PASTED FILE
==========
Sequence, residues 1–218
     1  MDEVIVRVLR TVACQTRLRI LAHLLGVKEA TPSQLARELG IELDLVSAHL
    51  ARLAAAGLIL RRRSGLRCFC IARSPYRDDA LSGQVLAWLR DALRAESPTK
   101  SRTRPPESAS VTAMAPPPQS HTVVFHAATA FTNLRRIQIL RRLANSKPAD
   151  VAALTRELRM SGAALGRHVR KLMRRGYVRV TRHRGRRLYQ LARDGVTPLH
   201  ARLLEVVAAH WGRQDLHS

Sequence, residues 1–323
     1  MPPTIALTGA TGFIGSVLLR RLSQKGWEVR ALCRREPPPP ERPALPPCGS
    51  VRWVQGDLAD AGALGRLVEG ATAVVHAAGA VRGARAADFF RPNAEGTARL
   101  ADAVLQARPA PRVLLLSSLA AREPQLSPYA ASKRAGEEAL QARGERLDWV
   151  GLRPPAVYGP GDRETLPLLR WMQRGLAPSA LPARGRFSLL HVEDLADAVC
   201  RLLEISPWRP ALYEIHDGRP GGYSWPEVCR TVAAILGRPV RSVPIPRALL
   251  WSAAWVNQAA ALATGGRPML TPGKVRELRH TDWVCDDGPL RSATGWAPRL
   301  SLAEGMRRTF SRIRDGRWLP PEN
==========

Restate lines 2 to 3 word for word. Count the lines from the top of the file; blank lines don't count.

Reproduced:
     1  MDEVIVRVLR TVACQTRLRI LAHLLGVKEA TPSQLARELG IELDLVSAHL
    51  ARLAAAGLIL RRRSGLRCFC IARSPYRDDA LSGQVLAWLR DALRAESPTK